This is the REAL Chickenruby, my name sake and what better name to use on twitter when choosing
an identity when I joined on the 19th July in 2009.
We'd helped out a friend a few years earlier when more chickens hatched than she could cope with and we took in a hen with 8 chicks for a few months until they were old enough to return to the small holding.
So when the youngest was offered 2 chicks at school, he said yes and on collecting him from school that day I had been told to bring a box with a lid and breathable holes, I had no idea what for at the time.
We rigged up a lamp and kept them in the kitchen until they got too smelly, hubby and youngest built a chicken coop and we moved them into the garden, keeping the lamp on until they adjusted to being outside.
We had no idea of the sex of the chicks until they started to get a bit bigger.
Ruby on the left and Robin the cockerel on the right.
We were unable to keep Robin as we lived in a residential area and was very noisy in the mornings.
He went back to live at the school, but sadly a few weeks later a fox got him.
Ruby didn't settle on her own in the coop so we ended up not shutting her in at night so she could come and go as she chose.
Ruby used to follow both hubby and I around the garden, she was always under my feet and she used to peck at hubbies leg and nudge him in the direction of the shed to fetch the spade and dig the ground. She'd sit on top of the spade as he lifted the earth and eat the worms.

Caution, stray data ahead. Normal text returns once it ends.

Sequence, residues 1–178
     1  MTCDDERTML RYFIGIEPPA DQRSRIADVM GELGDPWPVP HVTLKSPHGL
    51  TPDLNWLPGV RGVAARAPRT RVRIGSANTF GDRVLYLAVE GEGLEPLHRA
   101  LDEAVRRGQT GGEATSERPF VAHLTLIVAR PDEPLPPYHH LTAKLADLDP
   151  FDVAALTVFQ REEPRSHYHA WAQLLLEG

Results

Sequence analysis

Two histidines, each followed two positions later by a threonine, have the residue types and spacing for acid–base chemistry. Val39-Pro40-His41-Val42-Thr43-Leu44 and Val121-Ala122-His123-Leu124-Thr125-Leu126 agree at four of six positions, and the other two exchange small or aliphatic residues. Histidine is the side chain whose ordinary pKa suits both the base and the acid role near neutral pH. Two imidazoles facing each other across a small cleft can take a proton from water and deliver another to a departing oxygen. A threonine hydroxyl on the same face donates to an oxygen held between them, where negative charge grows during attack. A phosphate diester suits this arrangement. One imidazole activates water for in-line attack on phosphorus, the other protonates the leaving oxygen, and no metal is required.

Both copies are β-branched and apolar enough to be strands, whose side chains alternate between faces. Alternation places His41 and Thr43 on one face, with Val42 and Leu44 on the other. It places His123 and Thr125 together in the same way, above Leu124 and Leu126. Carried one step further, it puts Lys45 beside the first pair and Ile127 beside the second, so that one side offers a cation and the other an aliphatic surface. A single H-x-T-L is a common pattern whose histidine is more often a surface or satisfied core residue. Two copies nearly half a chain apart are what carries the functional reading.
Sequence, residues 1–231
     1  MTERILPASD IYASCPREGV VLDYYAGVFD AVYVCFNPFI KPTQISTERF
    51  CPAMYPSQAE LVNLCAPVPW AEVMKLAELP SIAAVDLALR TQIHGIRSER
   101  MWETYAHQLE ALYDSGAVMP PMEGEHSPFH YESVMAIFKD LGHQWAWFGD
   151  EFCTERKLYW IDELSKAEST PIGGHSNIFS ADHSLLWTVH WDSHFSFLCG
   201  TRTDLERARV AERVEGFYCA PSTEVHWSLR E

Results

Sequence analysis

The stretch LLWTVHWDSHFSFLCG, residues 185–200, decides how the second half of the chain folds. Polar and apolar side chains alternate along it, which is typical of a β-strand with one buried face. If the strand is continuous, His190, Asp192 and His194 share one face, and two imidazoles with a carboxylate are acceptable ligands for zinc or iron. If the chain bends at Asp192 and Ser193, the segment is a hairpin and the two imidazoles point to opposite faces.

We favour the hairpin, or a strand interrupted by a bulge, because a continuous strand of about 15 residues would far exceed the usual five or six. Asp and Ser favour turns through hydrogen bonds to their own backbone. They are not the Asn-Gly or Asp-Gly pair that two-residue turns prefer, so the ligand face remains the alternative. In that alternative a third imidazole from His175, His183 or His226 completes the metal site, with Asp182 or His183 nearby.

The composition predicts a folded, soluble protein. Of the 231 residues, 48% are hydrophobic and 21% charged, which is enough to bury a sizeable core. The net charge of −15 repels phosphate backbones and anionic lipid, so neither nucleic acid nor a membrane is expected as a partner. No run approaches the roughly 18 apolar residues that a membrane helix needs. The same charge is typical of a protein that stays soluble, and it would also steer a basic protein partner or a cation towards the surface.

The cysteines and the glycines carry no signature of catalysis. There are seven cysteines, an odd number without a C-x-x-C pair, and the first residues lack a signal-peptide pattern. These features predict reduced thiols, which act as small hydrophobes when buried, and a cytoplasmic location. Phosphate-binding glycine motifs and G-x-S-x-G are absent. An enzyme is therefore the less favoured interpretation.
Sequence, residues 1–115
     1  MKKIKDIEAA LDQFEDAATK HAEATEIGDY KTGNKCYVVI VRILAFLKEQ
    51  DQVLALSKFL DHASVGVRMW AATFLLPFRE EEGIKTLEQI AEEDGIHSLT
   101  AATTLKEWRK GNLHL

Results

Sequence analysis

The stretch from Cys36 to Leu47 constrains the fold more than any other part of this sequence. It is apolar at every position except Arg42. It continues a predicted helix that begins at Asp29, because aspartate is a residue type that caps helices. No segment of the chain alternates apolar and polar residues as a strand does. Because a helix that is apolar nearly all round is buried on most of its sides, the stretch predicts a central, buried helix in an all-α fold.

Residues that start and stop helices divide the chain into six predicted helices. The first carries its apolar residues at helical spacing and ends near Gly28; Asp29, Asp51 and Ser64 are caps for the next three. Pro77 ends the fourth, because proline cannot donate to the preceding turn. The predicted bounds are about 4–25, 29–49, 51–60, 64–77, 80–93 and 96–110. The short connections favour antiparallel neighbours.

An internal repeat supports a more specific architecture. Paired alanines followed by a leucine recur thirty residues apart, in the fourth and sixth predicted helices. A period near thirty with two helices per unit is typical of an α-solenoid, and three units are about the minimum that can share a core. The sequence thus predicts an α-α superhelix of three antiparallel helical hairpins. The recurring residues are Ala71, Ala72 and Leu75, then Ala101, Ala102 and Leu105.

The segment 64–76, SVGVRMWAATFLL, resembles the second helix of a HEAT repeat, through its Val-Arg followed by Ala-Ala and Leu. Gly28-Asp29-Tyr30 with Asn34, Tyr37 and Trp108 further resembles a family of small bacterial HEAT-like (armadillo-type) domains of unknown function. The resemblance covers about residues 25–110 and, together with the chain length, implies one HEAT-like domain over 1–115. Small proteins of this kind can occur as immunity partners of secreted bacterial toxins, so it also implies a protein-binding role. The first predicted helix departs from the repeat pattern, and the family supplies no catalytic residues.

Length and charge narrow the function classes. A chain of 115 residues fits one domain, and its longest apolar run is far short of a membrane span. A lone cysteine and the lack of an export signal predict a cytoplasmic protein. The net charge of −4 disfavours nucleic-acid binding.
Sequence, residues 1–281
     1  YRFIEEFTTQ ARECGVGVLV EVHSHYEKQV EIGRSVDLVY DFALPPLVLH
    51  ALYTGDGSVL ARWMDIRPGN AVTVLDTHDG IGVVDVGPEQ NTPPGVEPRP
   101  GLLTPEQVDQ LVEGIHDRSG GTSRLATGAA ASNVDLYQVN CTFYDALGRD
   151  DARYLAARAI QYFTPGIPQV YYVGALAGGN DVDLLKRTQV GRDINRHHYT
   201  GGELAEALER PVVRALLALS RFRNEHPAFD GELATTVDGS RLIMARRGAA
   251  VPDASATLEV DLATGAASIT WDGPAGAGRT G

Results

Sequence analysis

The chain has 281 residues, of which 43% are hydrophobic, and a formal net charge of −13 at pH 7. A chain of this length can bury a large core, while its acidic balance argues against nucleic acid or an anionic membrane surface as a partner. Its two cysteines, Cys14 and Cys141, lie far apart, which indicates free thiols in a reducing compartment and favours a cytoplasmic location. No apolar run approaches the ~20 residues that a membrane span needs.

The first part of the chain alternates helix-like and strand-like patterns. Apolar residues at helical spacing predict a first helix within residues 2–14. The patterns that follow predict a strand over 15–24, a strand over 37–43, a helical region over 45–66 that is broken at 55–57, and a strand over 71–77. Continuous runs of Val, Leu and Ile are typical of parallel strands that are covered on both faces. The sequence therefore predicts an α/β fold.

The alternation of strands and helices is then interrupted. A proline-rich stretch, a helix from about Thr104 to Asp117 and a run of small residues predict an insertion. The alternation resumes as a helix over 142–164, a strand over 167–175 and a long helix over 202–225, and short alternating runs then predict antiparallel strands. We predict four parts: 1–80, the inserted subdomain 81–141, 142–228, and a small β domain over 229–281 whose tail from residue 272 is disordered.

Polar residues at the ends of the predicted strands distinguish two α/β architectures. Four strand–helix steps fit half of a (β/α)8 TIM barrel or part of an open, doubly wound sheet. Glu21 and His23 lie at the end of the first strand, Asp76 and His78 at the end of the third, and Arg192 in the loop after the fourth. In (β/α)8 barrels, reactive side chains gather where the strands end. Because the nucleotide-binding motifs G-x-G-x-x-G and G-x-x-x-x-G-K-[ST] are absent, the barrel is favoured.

Ruby would sit on the arm of the garden furniture with us.
And eventually pecked out all the silicon from the conservatory and kitchen doors.
If we left the doors open she'd be in the house within seconds.
On two occasions Ruby managed to get out the garden, she would jump onto her coop and up on the fence. On one occasion she was returned from the neighbours house, over the road.
Why did the chicken cross the road?
Because she could.
Another time I had a phone call from the local primary school asking me if I could collect a chicken from the playground as it was causing the children to be distracted from their lessons. They called me as they knew I'd kept chickens before and could help them.
During winter we covered her coop with plastic tarpaulin.
She was apprehesive about the snow and would cluck like mad to be rescued.
When the snow got too much we kept her locked in her coop, but she really didn't like it.
Eventually we decided Ruby was lonely, so my friend Julie and her son came to collect Ruby and take her to her sisters who lives on a small holding.
Ruby settled in well and soon became 'Queen Bee' and was often seen stood on the back of their dog and was a regular visitor at their back door, demanding her food.
We visited a couple of times and she seemed to remember us, we left the UK at the end of that year and Ruby lived happily until 2012 when she was nearly 4.